By Tony Pugh
The Biden administration plans to provide extra breathing room for nursing homes that can’t get their uncertified nursing aides to complete mandatory federal training requirements by the Oct. 7 deadline.
The revised guidance, issued by the Centers for Medicare & Medicaid Services on Monday and obtained by Bloomberg Law, could give temporary nursing aides hired during the Covid-19 pandemic until the end of the public health emergency to complete a required 75 hours of training and pass a state certification test.
The agency said it will issue state- and county-wide waivers, as well as those for individual facilities. The public health emergency is scheduled to end Oct. 15, but Health and Human Services Secretary Xavier Becerra is likely to extend it another 90 days.
The industry, still reeling from a severe labor shortage, says the updated guidance will help it overcome a shortage of state training and testing slots, while allowing struggling facilities to keep their doors open and continue providing care.
“With so great a need for certified nursing aides, we are relieved to get the information from CMS,” said Janine Finck-Boyle, vice president for health policy at LeadingAge, which represents nonprofit aging services providers.
The organization has “been pushing for these details for months as the October deadline nears,” she said in a statement.
Holly Harmon, senior vice president of quality, regulatory and clinical services for the American Health Care Association and the National Center for Assisted Living, the industry’s leading trade group, said, “We appreciate CMS recognizing that temporary nurse aides should have a more realistic opportunity to get certified as a next step on their long term care career path.”
“However, the concern remains that nationwide training and testing backlogs could extend well beyond the public health emergency—perhaps even for years—which ultimately, will restrict professional advancement opportunities for these heroic caregivers,” she said in a statement.
But patient advocates say the waiver is too broad and endangers staff and resident safety by allowing undertrained workers to continue working with fragile patients.
“We know that caregiving staff are one of those professions where there are high rates of injuries among staff and if you’re not properly trained in how to transfer people and move them, and use the equipment, and interact with people of varying conditions, then it puts everybody at risk,” said Lori Smetanka, executive director of the National Consumer Voice for Quality Long-Term Care.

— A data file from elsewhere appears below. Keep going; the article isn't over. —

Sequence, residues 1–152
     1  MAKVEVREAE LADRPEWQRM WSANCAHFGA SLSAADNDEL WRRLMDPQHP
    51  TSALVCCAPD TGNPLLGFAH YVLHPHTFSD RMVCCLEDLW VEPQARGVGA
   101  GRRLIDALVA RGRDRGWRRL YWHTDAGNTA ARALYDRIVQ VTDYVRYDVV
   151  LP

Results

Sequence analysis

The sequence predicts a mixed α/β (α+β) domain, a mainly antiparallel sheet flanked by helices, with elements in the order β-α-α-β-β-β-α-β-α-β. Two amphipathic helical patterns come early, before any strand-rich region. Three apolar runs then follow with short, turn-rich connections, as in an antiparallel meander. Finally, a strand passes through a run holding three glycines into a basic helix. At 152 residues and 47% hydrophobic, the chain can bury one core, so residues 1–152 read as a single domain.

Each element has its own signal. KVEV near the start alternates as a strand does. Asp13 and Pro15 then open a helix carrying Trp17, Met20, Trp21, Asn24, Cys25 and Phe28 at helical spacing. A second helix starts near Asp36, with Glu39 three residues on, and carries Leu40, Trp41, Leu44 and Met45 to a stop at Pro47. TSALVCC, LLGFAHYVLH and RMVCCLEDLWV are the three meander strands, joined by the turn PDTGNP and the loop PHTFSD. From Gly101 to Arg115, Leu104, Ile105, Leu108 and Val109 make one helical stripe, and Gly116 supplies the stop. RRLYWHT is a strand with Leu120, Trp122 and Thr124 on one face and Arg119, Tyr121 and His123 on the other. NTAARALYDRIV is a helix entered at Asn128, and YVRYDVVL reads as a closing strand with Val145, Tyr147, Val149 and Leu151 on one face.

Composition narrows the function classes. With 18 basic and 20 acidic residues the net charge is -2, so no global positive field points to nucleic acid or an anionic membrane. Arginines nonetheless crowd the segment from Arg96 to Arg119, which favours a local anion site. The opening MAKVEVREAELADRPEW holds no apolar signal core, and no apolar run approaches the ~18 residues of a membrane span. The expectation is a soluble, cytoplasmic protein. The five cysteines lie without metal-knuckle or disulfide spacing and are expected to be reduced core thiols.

More than 300,000 temporary nursing aides have received abbreviated training and most are seeking their full certification, Harmon said previously. But that has created a logjam for state agencies that provide the training and testing.
“We are aware that there may be instances where the volume of aides that must complete a state approved” Nurse Aide Training and Competency Evaluation Program “exceed the available capacity for enrollees in a training program or taking the exam. This may cause delays in nurse aides becoming certified,” the updated CMS guidance said.
While a “state or facility cannot attain or retain a waiver longer” than the declared public health emergency, the CMS “will grant these waivers for a timeframe that is as short as possible, and CMS will only grant these waivers while the declaration of a COVID-19 public health emergency is still in effect. If the PHE ends during or before the granted period of waiver for a facility or a state or a county, the waiver also ends,” the revised guidance said.
To maintain staffing levels at nursing homes early in the pandemic, the Trump administration waived a rule that limited employment for uncertified nursing aides to just four months. Under the waiver, some states required little additional training beyond an eight-hour online course, according to a report by the Center for Medicare Advocacy.
But to ensure better care for residents, the Biden administration reinstated the training requirement, effective June 7. Uncertified temporary nursing aides had until Oct. 7 to complete the 75-hour training and pass a state certification test. Those hired after June 7 had four months from their date of hire to complete the training.
Nursing aide training encompasses numerous areas, including: medication side effects, skin integrity, dementia care, how to respond to emergencies, infection control, basic nursing and personal care skills, and residents’ rights.
State agencies can request statewide or county waivers “when there are widespread barriers to training/testing that are statewide or in a particular county within a state,” the updated guidance said. The agency must document problems with the nursing aide training program and provide a “plan for remedying the situation.”
“At minimum, the plan to remedy the situation must include the actions the state will take to improve the rate at which aides are certified and a target date for all aides to be certified,” the guidance said.
Individual facility waivers can be requested when local barriers to training and testing occur in a state or county that’s not covered by a waiver. Facilities must document the aide or aides’ efforts to enroll, the obstacles they face, and the facility’s efforts to overcome those obstacles.
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By Tony Pugh